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mindful minute

We are freed and imprisoned by our thoughts


Written by Mark Fontaine

Begin with the end in mind.  Visualize the outcome.  Create a clear mental picture.  Resist the temptation to fall into the popular multi-tasking mentality that confuses frenetic activity with accomplishment.

Your life is a work of art.  The key is to start with an empty canvas.  It is important to approach goal setting with a beginners mind.

When you choose to improve your life, you also improve the lives of those around you.  

There is a price for greatness and that is control over your thinking—each and every thought.  Be mindful that you can’t afford the luxury of a negative thought. 

S = Specific

M = Measurable

A = Attainable

R = Realistic

T = Timely


What are you going to do?  Why is this important to do at this time? How are you going to do it?  Be sure the goals you set are very specific, clear and easy to understand. Instead of setting a goal to lose weight or be healthier, set a specific goal to lose 2 inches off your waist or to walk 5 miles in an hour.


If you can measure it, you can manage it.  You can see the change occur.

Establish concrete criteria for measuring progress toward the attainment of each goal you set. When you measure, you stay on track, reach your target dates, and experience the exhilaration of achievement. This will spur you forward.


If your goals are too far out of reach, you probably won’t commit to pursuing them. You may start with the best of intentions, but the knowledge that it’s too much for you will undermine your efforts.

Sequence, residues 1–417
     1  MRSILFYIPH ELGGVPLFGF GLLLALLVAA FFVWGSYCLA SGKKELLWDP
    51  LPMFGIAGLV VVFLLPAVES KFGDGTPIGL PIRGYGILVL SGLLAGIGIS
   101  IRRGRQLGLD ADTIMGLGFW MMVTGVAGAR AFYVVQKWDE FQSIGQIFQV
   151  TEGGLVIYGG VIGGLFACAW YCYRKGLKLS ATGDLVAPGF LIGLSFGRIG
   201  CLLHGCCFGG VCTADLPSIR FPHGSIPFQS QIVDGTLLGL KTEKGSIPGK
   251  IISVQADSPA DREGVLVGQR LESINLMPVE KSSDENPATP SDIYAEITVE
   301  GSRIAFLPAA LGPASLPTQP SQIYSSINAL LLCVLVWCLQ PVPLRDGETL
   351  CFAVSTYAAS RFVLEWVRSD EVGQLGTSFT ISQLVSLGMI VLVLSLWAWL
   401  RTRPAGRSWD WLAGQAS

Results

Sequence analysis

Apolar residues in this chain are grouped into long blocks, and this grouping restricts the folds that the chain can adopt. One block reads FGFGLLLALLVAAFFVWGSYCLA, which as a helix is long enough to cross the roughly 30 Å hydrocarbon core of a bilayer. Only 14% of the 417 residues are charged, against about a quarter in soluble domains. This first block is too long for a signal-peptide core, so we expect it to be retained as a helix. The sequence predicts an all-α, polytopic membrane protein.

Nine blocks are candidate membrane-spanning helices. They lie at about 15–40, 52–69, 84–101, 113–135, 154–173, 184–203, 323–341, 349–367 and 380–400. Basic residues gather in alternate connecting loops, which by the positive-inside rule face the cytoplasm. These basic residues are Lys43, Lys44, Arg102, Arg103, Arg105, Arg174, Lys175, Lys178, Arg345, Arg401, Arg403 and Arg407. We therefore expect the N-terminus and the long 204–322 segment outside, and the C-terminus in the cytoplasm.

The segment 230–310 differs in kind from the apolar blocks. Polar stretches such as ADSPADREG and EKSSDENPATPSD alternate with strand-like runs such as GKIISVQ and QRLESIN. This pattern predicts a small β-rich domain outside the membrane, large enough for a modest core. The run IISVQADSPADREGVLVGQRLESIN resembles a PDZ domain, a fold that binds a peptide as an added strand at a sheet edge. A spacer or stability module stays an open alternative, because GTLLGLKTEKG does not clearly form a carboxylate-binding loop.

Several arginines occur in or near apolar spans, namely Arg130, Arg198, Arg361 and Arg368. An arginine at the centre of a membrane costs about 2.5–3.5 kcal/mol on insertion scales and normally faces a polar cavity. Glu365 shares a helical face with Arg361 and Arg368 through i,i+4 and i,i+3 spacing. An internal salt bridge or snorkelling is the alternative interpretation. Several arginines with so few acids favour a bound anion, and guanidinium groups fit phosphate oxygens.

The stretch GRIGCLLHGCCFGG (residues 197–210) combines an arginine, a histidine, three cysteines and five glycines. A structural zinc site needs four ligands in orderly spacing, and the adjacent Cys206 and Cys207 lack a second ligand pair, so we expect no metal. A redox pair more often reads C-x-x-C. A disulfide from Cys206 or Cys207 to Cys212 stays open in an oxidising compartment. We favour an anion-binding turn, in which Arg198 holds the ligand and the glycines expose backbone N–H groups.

A goal needs to stretch you and it will need a real commitment from you. If you aim to learn how to speak French in one week, you know that isn’t achievable. Set a goal to master 500 words that first week.  When you’ve achieved that, aim to learn a further 500.  Your first success will motivate a second.

 Fix your gaze on the journey.  If you focus on the destination, it will slip through your grasp.


A realistic goal may push your skills, knowledge and resources, but it shouldn’t break you.  Focusing on process goals as opposed to outcome goals can break the task into “do-able” pieces.  For instance, it may be more realistic to set a sub-goal of eating a salad for lunch each day for two weeks, rather than losing 2 inches off your waist over the next 90 days.  You can then choose to work towards reducing the amount of poor food choices gradually in the most realistic manner for you.

Be sure to set goals that you can attain with some effort. Too difficult and you set the stage for failure, but too low sends the message that you aren’t very competent.


Are you going to be finished this week, month or in 90 days?  An end point gives you a clear target to work toward.  Without a set time, the commitment is too vague.  Nothing happens because there’s no urgency.


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